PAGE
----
Brevia Consulting is providing a weekly round-up and analysis of the UK headlines. This week, read about Ofgem announcing its energy price cap for Q4 2022, Treasury Select Committee Chair Mel Stride penning a letter to the Chancellor and the OBR regarding an emergency budget, and the latest meeting of the National Drought Group.
Brevia Consulting is providing a weekly round-up and analysis of the UK headlines. This week, read about Labour’s plan to address the cost of living crisis, the Institute for Fiscal Studies’ intervention into the Conservative Party leadership contest, and Liz Truss’s most recent criticism of the UK’s devolved powers.
Brevia Consulting is providing a weekly round-up and analysis of the UK headlines. This week, read about Cornwall Insight’s latest predictions on the retail energy price cap, the Scottish Government’s legal case to hold another independence referendum on 19 October 2023, and former Prime Minister Gordon Brown’s recent comments on the energy crisis.
Brevia Consulting is providing a weekly round-up and analysis of the UK headlines. This week, read about Liz Truss and Rishi Sunak facing criticism for their latest policy proposals, and the Bank of England’s decision to raise interest rates to 1.75 per cent.
Brevia Consulting is providing a weekly round-up and analysis of the UK headlines. This week, read about the infringement procedures launched by the EU against the UK, the latest developments in the Conservative Party leadership contest, and the BEIS Committee report published this week on Energy Pricing and the Future of the Energy Market.
Brevia Consulting is providing a weekly round-up and analysis of the UK headlines. This week, read about the latest from the Conservative Party leadership contest, the publication of the Forde report on factionalism in the Labour Party, and the announcement of the UK’s consumer price inflation for June 2022.
Brevia Consulting is providing a weekly round-up and analysis of the UK headlines. This week, read about the timeline and frontrunners of the Conservative party leadership contest and the motion of confidence tabled by the Government this week.
After several weeks of reported delays, disagreements and leaks, the Government has finally published its Energy Security Strategy. Crucially, the Strategy provides us with an insight into the main influences and influencers of this Government. With the next general election a mere two years away, the Prime Minister appears to be moving away from the climate focus seen at COP26. Instead focusing on internal party politics and maintaining support within the Conservative . Below, Brevia has unpacked some of the telling signs of what is currently influencing Government direction on energy policy.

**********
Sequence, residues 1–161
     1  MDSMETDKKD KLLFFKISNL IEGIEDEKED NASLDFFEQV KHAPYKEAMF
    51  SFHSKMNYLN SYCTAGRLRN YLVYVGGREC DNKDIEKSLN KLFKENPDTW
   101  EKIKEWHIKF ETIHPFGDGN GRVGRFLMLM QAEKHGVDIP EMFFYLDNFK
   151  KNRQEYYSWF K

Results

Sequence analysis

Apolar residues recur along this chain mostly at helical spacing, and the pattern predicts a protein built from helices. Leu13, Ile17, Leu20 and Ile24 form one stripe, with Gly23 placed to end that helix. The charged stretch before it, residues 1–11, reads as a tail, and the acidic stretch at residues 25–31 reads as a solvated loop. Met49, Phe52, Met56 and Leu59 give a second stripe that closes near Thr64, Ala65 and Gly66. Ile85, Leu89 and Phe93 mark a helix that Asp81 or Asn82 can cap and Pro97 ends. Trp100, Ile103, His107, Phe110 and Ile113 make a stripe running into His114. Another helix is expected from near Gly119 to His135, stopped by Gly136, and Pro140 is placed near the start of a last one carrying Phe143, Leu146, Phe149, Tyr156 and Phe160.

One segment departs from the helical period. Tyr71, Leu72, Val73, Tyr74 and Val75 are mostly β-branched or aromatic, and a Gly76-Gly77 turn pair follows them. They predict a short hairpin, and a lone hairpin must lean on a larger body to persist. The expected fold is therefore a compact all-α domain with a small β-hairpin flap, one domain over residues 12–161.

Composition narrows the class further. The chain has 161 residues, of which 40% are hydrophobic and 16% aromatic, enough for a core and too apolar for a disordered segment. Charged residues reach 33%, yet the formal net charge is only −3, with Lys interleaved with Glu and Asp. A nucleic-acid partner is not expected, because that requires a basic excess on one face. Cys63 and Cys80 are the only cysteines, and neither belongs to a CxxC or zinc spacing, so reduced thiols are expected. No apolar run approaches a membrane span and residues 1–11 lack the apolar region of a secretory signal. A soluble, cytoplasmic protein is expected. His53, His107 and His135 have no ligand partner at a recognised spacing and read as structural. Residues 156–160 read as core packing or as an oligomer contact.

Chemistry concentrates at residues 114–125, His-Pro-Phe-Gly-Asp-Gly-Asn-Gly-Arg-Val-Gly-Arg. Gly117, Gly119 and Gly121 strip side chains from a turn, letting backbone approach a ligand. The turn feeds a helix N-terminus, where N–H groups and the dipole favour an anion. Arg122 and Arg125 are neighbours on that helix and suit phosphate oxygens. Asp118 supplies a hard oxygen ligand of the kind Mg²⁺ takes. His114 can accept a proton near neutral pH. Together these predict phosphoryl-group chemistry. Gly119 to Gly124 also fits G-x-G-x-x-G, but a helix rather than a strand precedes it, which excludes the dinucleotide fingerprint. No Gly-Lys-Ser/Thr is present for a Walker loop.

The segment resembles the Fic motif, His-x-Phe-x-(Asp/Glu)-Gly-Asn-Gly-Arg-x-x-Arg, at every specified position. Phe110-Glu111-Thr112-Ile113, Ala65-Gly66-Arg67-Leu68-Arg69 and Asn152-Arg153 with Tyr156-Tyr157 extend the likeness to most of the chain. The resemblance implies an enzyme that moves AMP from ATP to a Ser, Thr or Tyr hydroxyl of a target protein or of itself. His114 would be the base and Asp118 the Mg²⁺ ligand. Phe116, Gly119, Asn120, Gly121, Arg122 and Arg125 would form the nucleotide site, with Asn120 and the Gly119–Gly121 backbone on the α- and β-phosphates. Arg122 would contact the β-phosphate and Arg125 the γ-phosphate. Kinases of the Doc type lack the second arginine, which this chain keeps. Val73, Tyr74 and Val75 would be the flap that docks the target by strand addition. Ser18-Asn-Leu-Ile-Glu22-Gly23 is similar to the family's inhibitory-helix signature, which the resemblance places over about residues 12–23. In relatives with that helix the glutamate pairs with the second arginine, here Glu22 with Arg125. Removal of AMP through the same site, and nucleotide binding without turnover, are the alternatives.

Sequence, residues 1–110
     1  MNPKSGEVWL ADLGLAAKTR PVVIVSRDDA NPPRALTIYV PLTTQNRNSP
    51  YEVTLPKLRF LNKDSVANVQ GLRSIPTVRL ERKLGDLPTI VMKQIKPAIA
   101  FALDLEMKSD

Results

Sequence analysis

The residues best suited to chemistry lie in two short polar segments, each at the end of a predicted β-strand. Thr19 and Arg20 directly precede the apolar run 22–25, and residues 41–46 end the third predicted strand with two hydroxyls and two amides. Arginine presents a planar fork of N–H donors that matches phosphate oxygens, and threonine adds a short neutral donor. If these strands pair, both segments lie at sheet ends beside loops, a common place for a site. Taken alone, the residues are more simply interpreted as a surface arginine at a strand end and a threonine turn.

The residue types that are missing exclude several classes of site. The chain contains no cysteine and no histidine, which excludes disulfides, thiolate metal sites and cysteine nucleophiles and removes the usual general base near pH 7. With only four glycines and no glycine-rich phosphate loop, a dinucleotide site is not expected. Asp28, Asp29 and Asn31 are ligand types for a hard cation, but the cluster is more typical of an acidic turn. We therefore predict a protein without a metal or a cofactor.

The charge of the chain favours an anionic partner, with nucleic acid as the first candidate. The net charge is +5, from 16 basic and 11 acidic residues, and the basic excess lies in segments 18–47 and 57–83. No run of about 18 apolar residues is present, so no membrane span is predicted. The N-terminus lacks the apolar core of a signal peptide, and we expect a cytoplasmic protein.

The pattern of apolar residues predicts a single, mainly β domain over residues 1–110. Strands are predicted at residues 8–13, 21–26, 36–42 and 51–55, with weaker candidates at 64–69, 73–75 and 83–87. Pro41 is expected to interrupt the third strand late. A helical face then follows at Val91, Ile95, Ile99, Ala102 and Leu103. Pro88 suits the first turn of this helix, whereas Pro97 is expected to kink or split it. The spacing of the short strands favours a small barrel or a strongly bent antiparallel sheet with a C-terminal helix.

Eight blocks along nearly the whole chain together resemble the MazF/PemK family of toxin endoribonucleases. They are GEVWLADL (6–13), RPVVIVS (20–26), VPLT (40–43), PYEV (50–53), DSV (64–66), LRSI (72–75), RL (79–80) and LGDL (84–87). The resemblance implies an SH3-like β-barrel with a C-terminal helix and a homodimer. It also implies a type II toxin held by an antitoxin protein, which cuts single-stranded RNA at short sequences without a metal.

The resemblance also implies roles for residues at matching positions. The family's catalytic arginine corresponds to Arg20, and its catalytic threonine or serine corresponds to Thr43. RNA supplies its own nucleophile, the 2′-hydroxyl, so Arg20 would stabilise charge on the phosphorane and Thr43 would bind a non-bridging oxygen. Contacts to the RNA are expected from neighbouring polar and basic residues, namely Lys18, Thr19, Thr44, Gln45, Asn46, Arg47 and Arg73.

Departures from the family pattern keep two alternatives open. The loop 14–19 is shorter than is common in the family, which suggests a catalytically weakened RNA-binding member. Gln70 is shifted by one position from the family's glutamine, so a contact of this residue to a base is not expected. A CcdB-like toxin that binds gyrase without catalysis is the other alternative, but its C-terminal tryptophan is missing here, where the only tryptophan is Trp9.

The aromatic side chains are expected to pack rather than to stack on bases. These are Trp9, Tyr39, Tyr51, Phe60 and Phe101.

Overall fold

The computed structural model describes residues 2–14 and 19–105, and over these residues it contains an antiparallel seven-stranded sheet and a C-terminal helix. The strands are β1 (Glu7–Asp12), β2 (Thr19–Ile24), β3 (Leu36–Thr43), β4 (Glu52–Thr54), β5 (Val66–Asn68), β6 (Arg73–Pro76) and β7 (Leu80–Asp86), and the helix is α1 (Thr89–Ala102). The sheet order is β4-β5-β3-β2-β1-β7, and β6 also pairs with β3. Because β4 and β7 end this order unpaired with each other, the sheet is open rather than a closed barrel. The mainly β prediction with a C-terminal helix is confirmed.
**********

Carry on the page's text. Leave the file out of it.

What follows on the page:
The Russian invasion of Ukraine has changed the world. The ways it has done so are yet to be fully understood. Many of our post Cold War assumptions have been upended: Germany has abandoned its longstanding policy of maintaining a limited armed forces to commit €100 billion to defence spending; Switzerland has departed from its historical neutrality to apply sanctions to Russia; Finland is now openly discussing NATO membership and things we had assumed would never happen continue to do so on a daily basis. Set against the human tragedy that is unfolding in Ukraine, these events can seem small or insignificant in comparison. Nonetheless, they are likely to have enduring consequences for everyone in Europe. Particularly when it comes to how Europe, including the UK, powers itself.
Last week, the Government published its long-awaited Levelling Up White Paper. The White Paper goes some way to answering the vexed question of ‘What is levelling up?’, by setting out twelve missions the Government hopes to accomplish by 2030. In addition, the Paper sets out a framework for extending devolution in England which could increase the transparency of the process. However, new funding commitments are thin on the ground, and critics suggest the Government has not provided enough money for Levelling Up to succeed.
The Government has delivered on its commitment to publish its remaining net zero strategy documents ahead of the COP26 Summit in Glasgow, with two weeks to spare. The Heat and Buildings Strategy, Net Zero Spending Review, as well as the overarching Net Zero Strategy were all published this week, albeit following months of delay. Publishing these documents was seen as crucial to the UK’s preparations ahead of hosting the summit. Despite this, the success of the conference continues to be riddled with uncertainty and doubts.
Last week Brevia Energy released the findings of its audit of the Government’s 2020 Energy White Paper. The results, which were covered by Energy Live News, highlighted how nearly half of the commitments included in the Energy White Paper have been hit or look likely to be reached. However, the research also showed that answers to the ‘Who Pays?’ question remain needed. With the Government expected to publish both its Net Zero Strategy and Heat and Buildings strategy soon, greater detail on that may be soon forthcoming. That is likely to provoke debate about the direction of policy and open new fronts for businesses to make their case about how the net zero transition should be delivered.